The Stranger in the Lifeboat (7 page)

BOOK: The Stranger in the Lifeboat
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We have survived our tenth day at sea, my love. This is due to fate, blind luck, or the Lord in the boat. Honestly, I don't know what to think anymore.

Yesterday was another test. Much of the morning we sat in silence, hearing the waves splash. None of us wanted to speak the obvious.

Finally, Yannis did.

“How are we going to stay alive,” he asked, “without water?”

Just the mention of water made me thirsty. I haven't written to you about thirst, Annabelle, because the less I focus on it the better. But it is a powerful need. You never think about it until you can't quench it, and then the thought consumes you. Your lips crave moisture. Your throat feels dry as wood. I try to create saliva on my tongue by fantasizing
about beverages, Coca-Cola over ice cubes, or a cold beer filling a tall glass, thoughts so real I can feel the liquid going over my teeth. But that only makes me thirstier. It is a unique suffering to be denied the thing your body most craves. All your concentration funnels down to one thought: How can I get it?

“What about that solar still?” I asked Geri.

“There's a hole in it,” she said, shaking her head. “Every time I patch it, it blows again.”

Nina turned to the Lord. He was rubbing the dark whiskers on his chin.

“Can't you do something?” Nina pleaded. “I know you want everyone to believe in you first. But don't you see how worried we are?”

He squinted against the sun.

“Worry is something you create.”

“Why would we create worry?”

“To fill a void.”

“A void of what?”


Nina drew closer to the man. She put out her hands. “I have faith.” Jean Philippe scooted over and put his hands on top of hers. “So do I.” Little Alice glanced up. Perhaps that made three. I felt a sudden division in the boat, as if we'd been sorted by our beliefs. I suppose, when I think about it, much of the world is separated this way.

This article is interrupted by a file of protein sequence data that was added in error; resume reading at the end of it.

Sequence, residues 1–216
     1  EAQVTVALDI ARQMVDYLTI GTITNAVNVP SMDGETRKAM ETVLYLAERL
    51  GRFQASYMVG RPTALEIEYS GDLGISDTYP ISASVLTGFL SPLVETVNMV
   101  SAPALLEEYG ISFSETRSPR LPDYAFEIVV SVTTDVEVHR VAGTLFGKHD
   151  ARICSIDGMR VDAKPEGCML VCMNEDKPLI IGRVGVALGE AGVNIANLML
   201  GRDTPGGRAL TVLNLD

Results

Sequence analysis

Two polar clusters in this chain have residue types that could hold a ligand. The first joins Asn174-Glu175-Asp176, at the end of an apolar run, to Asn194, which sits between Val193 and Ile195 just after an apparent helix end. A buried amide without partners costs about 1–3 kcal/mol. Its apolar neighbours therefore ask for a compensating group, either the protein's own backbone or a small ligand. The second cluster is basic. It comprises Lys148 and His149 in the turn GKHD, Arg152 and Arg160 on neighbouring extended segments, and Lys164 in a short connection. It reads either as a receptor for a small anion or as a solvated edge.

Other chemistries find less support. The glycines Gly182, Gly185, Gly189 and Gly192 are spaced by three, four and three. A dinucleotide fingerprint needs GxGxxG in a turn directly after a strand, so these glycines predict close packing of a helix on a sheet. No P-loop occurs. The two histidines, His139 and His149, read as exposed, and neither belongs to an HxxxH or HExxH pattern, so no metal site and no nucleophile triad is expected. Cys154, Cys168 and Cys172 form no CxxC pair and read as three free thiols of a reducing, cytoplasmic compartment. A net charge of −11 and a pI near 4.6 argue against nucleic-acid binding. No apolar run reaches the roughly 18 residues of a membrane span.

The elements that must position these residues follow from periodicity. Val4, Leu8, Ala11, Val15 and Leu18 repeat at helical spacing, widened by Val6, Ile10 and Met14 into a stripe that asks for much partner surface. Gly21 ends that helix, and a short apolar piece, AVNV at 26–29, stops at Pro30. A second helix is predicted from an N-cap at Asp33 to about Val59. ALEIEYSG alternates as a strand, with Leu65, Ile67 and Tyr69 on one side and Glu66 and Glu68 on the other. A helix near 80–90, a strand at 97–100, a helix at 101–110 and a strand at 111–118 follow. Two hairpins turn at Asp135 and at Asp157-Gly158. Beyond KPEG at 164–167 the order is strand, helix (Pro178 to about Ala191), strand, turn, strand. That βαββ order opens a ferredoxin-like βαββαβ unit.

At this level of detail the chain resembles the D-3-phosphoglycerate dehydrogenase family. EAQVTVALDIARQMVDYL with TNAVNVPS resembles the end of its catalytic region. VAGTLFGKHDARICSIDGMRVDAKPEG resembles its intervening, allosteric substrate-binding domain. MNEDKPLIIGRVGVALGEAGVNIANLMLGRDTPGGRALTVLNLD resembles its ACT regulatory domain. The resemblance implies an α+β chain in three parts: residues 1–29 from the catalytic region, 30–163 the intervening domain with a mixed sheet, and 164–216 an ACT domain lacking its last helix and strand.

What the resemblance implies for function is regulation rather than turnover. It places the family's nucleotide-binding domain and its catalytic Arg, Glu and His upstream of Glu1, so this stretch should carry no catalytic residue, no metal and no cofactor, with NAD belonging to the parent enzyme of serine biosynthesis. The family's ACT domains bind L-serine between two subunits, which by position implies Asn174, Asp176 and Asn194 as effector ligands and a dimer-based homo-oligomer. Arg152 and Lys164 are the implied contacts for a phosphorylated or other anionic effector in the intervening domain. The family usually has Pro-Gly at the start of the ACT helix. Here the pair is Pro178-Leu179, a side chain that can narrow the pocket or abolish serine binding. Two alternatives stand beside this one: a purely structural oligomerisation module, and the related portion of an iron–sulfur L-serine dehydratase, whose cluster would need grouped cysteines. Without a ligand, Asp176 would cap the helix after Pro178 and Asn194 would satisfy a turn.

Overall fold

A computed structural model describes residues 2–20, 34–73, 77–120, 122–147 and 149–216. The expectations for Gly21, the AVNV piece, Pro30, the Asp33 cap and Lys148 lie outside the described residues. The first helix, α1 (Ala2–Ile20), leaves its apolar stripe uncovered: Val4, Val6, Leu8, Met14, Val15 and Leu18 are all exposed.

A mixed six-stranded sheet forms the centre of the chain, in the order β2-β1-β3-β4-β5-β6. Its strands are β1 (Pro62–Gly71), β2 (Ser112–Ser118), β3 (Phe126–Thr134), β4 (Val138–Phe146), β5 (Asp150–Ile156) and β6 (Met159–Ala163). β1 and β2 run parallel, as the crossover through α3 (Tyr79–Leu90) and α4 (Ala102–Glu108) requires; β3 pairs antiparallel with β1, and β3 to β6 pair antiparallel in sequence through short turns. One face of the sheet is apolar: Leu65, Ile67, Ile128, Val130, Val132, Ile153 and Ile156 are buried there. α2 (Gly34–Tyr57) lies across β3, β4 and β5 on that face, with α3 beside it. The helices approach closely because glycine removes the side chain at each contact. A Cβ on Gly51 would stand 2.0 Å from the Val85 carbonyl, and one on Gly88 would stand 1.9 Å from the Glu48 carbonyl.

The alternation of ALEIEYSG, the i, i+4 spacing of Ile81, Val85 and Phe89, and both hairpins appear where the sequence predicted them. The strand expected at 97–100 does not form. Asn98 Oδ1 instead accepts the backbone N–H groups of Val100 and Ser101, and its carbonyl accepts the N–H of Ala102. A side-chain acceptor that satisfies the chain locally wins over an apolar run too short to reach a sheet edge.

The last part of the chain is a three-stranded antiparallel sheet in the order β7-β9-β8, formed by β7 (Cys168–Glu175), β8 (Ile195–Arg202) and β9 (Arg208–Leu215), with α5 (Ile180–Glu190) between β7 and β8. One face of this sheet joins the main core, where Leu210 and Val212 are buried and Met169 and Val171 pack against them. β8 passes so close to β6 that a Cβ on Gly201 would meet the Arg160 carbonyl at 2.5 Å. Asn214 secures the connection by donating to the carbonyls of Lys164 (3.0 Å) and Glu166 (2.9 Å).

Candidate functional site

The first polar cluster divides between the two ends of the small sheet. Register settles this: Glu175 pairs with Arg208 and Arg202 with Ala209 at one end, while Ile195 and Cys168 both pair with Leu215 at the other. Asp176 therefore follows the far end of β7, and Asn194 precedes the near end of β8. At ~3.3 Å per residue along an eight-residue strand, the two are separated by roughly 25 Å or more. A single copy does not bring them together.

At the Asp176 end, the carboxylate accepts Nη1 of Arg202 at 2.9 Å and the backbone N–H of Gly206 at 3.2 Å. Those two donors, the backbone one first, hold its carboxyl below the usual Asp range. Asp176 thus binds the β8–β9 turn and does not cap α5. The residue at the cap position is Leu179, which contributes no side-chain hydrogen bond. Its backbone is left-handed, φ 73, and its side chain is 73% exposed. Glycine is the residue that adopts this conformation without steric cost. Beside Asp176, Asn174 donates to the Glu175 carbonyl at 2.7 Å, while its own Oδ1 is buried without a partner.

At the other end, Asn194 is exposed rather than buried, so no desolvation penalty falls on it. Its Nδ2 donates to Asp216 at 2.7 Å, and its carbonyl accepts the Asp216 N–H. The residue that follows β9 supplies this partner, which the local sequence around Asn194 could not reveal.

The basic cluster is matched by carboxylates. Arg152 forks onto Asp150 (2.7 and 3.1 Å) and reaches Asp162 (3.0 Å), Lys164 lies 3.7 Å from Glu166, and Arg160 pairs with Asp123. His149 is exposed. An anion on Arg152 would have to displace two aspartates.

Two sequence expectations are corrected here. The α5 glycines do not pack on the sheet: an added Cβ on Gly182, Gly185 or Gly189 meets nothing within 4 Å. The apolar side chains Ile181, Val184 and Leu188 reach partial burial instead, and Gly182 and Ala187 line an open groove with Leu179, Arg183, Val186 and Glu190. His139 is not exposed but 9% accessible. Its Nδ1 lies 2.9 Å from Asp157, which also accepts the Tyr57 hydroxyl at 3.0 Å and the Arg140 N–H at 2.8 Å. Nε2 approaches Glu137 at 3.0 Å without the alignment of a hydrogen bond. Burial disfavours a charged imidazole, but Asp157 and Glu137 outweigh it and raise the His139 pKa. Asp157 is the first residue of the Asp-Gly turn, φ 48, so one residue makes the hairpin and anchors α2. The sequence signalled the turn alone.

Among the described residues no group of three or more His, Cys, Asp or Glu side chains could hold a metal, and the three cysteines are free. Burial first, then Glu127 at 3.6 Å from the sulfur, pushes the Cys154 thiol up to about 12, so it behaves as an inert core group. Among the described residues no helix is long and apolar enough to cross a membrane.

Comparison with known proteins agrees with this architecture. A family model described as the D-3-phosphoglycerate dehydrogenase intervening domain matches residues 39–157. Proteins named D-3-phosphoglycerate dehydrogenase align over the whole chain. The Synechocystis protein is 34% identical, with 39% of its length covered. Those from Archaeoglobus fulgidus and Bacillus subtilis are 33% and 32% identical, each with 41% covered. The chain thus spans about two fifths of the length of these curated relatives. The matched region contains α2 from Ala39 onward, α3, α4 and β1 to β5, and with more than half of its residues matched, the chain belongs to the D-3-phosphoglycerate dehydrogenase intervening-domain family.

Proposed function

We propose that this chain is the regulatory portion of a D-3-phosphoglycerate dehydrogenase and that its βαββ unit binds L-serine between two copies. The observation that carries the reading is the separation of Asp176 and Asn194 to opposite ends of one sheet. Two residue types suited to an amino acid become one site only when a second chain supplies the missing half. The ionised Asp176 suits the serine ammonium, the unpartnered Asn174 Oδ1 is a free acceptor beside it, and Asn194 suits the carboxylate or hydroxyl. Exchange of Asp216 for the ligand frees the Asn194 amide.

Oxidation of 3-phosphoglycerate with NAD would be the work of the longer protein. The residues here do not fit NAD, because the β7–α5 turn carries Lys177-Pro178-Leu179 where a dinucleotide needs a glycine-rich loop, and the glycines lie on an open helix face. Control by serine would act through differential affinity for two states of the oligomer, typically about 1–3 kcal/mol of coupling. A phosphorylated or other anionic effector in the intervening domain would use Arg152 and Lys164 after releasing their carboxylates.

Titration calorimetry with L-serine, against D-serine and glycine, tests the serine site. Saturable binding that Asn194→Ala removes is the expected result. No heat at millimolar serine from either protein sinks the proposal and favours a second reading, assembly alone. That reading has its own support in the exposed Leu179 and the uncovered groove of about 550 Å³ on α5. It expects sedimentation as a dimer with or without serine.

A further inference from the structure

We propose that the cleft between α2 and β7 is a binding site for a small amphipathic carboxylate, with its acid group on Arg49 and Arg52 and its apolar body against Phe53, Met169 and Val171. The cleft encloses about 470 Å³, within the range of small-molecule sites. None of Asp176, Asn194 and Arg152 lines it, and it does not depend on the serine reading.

“Please help us,” Nina whispered. “We're so thirsty.”

The man looked only at Alice. Then he closed his eyes and leaned back. It seemed like he was taking a nap. What type of response was that, Annabelle? As I keep saying, he is maddening.

But as he slept, the sky began to change. A ribbon of white clouds grew to large puffs, and those white puffs began to gray and thicken. Soon they blocked the sun.

A few minutes later, raindrops fell. Slowly at first. Then heavier. I saw Lambert tilt his head, his mouth gaping open, swallowing the droplets. Nevin gasped, “Is this real?” Yannis ripped off his shirt and so did Jean Philippe, rubbing the fresh water over their salt-crusted skin. As the shower turned to a downpour, I heard Nina laughing.

“Grab anything that can collect water!” Geri hollered.

I found the notebook tub and dumped the contents under the canopy. Then I raced out to catch the raindrops. Geri was doing the same with the bailer. Jean Philippe held up two empty cans and let the fresh supply splash into it.

“Thank you!” he screamed to the heavens. “Oh, thank you, Bondyé!”

We were so busy rejoicing in the storm, we didn't realize how much water was collecting in the bottom of our raft. I moved my knees and slipped. The plastic box spilled its water everywhere.

“Damn it, Benji!” Yannis yelled. “Get back up! Fill it again!”

Lambert still had his mouth open like a fish, and Nevin, lying on his back, was angling the tray on his lower teeth, funneling rainwater to his lips. I saw Alice smiling; she was soaked from top to bottom.

Then, just as quickly as the storm arrived, it ceased. The clouds parted and the sun returned.

I looked at the plastic box, which was mostly empty thanks to my fall. I turned to the Lord, who was awake now, watching us.

“Keep it going!” I screamed.

“So you believe I created that storm?” he asked.

It caught me off guard. I looked at the empty tub, then said: “If you did, it wasn't enough.”

“Wasn't one raindrop enough to prove who I am?”

“Just keep it going!” Yannis yelled. “Give us more water!”

The Lord looked up at the thinning clouds.

“No,” he said.


Day twelve. The water from the rainstorm will buy us a few more days if we ration correctly. Yannis wanted to gather what was in the raft bottom, but Geri said no, we don't know how much seawater got mixed in. We can't take a chance. Drinking seawater is potentially deadly. It leads to muscle spasms, confusion, and, of all things, dehydration. How strange, Annabelle. So much water everywhere, and all of it undrinkable.

We have also suffered another small casualty. The handheld fan. It died an hour ago. Geri had been holding it up to little Alice's face when the blades stopped. Most of us were watching, and a few of us groaned. Lambert groaned the loudest.

“You wasted it,” he said.

“Shut up, Jason,” Yannis said.

Earlier this morning, Geri, Yannis, Nina, Lambert, and I sat outside the canopy while the Lord slept underneath it. We don't stay outside for long, as the sun is brutal. But we wanted to speak where he couldn't hear us.